[3 January 2010]
PopMatters Contributing Editor
Talk about tough! Even if this wasn’t a full time job, taking up as much of one’s life as any career plus concept of entertainment could, trying to pick out ten titles from an equal number of years is almost impossible. It’s not like television, which tends to keep its beloved entities on the air long enough to make a memorable impact. It’s also not like music, which can play in the background of one’s life sometimes decades after release. No, movies demand attention. They require patience and perspective. They are the most unique of artforms because they come at you complete. You can love a particular band or album even with one or two clunkers among the set list. No TV show is ever going to be 100% funny/dramatic/thrilling/thought-provoking all the time.
But film doesn’t dignify such flaws. Instead, it amplifies them, destroying brilliant direction, excellent acting, or superb storytelling along the way. Naturally, this creates a kind of cinematic standard, a benchmark by which we measure both the good and the bad. And yet, going back over the near 3500 entries for possible inclusion here (figure it out - that’s 350 per year, or almost one a day for the last decade…and yes, I did watch each and every one, be they theatrical or on DVD) is still a mammoth undertaking, one that gears itself noticeably toward the most recent viewing experiences. Indeed, a lot of lists out there currently offer pickings from 2007 - 2009 almost exclusively, making you wonder if these so called experts even saw anything prior to the second Bush Administration. Add in the almost infinite and exhaustive “honorable mentions” and you’ve got a pointless combination of limited perspective and bet hedging.
Don’t worry - this list won’t be any better. As a matter of fact, one can probably pick it apart point-by-point and argue over the merits of each selection. Still, as a function of one person’s own individual likes and dislikes, as a Herculean attempt to take one’s passion and profession and summarize it in several hundred words or less, it’s the way things stand…today…at this moment…without too much internal kvetching. Could it all change tomorrow? Probably. Are some of these choices set in cement, almost inarguable in their inclusion? Yes. So grab your cinematic salt (you’ll need it to take most of what you’ll read next) and settle in for SE&L"s Top 10 Films of the Decade (2000 - 2009), starting with a very unusual selection in the final spot:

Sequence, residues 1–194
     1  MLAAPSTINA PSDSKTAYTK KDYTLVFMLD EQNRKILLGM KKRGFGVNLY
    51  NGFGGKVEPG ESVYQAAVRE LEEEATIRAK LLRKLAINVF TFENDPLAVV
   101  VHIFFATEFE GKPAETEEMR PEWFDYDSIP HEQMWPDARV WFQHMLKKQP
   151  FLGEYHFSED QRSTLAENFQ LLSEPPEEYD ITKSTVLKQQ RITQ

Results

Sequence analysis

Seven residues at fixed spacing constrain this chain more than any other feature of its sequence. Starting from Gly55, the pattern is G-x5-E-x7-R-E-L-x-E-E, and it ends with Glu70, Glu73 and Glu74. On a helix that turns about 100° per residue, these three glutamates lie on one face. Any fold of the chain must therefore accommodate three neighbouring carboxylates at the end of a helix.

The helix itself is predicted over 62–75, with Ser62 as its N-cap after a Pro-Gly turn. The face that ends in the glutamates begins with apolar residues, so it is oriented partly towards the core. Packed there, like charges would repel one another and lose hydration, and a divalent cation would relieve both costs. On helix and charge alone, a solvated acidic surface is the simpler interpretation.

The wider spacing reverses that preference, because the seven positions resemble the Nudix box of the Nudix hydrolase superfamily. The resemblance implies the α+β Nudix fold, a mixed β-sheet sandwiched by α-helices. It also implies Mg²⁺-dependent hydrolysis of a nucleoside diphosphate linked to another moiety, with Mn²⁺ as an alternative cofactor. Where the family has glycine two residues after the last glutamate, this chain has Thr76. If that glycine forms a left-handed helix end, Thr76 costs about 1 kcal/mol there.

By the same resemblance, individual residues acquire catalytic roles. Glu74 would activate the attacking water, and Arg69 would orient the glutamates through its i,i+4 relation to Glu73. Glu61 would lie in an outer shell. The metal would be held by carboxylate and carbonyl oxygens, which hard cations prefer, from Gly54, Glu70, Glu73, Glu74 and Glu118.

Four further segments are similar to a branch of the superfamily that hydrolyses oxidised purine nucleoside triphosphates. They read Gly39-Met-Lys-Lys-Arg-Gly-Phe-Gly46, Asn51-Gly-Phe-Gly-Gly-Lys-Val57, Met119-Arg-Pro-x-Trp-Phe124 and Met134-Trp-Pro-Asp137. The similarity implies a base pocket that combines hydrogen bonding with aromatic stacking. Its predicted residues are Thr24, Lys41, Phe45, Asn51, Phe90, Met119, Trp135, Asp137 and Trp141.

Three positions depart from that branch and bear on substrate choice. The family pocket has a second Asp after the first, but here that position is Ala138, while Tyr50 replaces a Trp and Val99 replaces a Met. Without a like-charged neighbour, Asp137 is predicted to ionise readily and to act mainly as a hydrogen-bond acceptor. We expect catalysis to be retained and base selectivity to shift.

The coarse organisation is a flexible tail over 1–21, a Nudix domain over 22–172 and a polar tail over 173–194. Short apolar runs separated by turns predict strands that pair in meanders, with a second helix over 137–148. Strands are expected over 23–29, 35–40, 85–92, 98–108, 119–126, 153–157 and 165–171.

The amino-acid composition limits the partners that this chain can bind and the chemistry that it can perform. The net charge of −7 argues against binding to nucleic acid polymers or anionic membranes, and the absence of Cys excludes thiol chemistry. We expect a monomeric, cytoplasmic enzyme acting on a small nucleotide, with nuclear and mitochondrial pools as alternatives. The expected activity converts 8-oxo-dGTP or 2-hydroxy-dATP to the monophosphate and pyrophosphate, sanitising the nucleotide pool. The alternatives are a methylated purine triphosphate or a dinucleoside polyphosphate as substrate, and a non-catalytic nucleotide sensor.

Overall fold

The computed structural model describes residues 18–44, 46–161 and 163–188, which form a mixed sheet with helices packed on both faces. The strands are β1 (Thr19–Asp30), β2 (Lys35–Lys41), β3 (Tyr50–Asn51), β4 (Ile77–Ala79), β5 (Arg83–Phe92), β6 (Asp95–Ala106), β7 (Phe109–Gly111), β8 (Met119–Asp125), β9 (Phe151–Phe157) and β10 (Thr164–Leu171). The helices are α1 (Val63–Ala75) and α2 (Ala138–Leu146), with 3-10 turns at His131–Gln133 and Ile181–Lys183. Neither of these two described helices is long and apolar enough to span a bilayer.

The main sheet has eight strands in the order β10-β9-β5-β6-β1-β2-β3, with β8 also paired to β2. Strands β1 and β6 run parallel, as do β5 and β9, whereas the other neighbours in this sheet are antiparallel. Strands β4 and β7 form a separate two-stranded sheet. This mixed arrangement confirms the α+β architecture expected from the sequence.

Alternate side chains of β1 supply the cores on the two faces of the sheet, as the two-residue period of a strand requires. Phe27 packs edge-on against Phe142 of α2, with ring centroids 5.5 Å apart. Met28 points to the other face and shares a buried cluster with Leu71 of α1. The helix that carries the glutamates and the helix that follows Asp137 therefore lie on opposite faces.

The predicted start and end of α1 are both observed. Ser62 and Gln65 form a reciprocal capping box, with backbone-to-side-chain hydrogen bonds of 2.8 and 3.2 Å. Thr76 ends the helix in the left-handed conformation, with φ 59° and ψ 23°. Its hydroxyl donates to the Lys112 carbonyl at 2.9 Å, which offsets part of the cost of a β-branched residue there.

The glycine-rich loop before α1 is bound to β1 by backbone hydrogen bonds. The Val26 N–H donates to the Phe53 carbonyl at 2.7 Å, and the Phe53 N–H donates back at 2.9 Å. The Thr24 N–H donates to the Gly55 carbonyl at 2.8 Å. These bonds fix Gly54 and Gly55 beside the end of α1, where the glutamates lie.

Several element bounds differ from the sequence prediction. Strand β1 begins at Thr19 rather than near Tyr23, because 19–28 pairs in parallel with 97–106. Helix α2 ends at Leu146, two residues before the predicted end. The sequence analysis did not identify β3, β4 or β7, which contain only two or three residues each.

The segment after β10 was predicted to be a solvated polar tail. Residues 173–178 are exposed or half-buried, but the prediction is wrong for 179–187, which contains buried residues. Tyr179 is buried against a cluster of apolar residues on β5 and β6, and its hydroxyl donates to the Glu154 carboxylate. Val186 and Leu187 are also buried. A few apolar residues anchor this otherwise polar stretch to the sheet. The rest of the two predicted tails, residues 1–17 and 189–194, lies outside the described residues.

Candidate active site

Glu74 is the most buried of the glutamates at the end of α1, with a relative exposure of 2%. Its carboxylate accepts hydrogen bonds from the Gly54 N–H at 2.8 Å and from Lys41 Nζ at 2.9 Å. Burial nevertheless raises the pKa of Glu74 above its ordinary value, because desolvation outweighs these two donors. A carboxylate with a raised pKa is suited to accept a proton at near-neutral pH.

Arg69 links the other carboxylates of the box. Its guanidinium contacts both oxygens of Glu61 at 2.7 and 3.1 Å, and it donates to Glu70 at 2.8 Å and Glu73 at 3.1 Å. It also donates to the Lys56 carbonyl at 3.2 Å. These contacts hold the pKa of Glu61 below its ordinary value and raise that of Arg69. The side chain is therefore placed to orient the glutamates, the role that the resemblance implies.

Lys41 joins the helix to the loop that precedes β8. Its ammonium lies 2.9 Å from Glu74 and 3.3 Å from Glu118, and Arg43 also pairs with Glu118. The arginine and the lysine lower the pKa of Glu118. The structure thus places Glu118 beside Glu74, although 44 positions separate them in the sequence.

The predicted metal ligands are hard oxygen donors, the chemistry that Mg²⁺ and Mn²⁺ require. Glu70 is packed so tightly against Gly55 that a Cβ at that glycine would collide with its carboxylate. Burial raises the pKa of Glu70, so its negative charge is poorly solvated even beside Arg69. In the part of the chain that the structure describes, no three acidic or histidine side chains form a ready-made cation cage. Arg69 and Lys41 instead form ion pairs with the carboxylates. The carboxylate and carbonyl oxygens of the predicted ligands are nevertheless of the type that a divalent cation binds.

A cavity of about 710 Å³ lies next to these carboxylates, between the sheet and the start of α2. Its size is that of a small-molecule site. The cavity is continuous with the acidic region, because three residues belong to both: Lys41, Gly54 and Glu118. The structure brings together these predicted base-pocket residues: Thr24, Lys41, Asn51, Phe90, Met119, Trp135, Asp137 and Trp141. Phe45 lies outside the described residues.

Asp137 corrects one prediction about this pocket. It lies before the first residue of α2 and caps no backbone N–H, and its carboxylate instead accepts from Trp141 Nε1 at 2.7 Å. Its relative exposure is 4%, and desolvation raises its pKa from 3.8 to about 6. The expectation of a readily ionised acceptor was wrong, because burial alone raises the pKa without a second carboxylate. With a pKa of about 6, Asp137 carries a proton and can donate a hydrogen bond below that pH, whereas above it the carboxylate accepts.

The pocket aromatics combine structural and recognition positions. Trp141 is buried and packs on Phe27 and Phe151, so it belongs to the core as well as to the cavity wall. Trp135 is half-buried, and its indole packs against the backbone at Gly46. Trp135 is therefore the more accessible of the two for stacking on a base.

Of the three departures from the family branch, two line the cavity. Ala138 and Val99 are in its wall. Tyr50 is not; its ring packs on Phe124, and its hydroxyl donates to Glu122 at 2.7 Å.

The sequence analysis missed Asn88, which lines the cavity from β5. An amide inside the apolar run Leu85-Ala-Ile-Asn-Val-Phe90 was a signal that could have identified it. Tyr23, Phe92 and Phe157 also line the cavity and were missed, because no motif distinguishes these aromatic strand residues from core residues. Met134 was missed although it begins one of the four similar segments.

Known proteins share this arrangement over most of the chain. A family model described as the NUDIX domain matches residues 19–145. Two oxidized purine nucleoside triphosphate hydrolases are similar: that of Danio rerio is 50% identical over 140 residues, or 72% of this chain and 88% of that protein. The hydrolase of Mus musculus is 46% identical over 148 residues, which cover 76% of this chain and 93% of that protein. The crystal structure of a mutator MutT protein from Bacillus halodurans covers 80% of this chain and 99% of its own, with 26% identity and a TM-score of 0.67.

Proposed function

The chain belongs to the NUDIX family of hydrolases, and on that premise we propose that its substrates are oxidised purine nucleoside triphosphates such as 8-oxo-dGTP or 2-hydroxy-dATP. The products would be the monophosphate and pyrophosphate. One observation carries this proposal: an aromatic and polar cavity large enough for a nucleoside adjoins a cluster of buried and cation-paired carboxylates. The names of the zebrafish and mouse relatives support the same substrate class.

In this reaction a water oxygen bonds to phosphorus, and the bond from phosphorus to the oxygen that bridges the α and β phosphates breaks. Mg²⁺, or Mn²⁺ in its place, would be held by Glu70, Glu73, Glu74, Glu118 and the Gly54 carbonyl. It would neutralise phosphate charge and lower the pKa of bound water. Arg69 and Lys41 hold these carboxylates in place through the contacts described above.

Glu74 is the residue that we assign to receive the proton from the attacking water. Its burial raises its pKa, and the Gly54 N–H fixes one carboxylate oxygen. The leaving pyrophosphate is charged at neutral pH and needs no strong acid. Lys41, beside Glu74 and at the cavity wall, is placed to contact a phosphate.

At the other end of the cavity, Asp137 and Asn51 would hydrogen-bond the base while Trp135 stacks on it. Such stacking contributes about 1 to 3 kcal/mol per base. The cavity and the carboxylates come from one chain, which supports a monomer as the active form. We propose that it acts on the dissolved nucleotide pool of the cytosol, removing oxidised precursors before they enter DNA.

10. The Prestige (2006)Director: Christopher Nolan
Yes, we know. Christopher Nolan directed Memento, Batman Begins, and The Dark Knight over the last ten years…and yet we pick this period piece anomaly about battling magicians. In many ways, it’s a perfect amalgamation of everything this British auteur does right…grand spectacle, complex character dimension, intricate narratives, and sudden storytelling surprises. Add in the brilliant performances from Hugh Jackman, Christian Bale, and David Bowie, and you’ve got the best movie of its year - and in retrospect, a fine illustration of why Nolan is one of the new millennium’s most important moviemakers.
9. Eternal Sunshine of the Spotless Mind (2004)Director: Michel Gondry
Some one asked us the other day what the most romantic movie of all time was - and initially, the number three choice on our list kept popping up. That’s because, when you think of it, this Charlie Kaufman/Michel Gondry masterpiece is really a film about forgetting, not finding love. Jim Carrey and Kate Winslet are wonderful as the doomed pair, science and technology trying to explain what both the head and the heart understand implicitly. In illustrating how desire fades, this film finds a tender, telling core that so-called RomComs consistently piss on. Instead of being fanciful or frilly, it’s melancholy and oh so meaningful.
8. DiG! (2004)Director: Ondi Timoner
Ondi Timoner lucked into the perfect subject matter for her dissection of the modern music business when she met up with Oregon “rebels” The Dandy Warhols and The Brian Jonestown Massacre. Both were looking to revolutionize the sagging grunge scene, but when Courtney Taylor-Taylor and the former went mainstream (signing with a major label), Anton Newcombe and the latter simply imploded. What followed remains the most fascinating look at the lethal tendencies of a life in the spotlight, more probing than Some Kind of Monster, more insightful than a dozen other insider looks. About the only documentary that can match it is this year’s Anvil, The Story of Anvil.
7. Sin City (2005)Director: Robert Rodriguez & Frank Miller
Frank Miller may have failed with his own self-helmed take on The Spirit, but this amazing cinematic tour de force from the famed graphic artist (along with primary director Robert Rodriguez and “helper” Quentin Tarantino) literally rewrote the rulebook about adaption graphic novels to the big screen. Nothing more than a hyper-cheesy take on noir, the amazing animation-like black and white cinematography housed a multitude of amazing performances, none quite as captivating, however, as Mickey Rourke’s revitalizing turn as blockheaded baddie Marv. Not only did he transform a ruthless violent thug into an epic anti-hero, he reminded the rest of Tinseltown just how effective an actor he could be.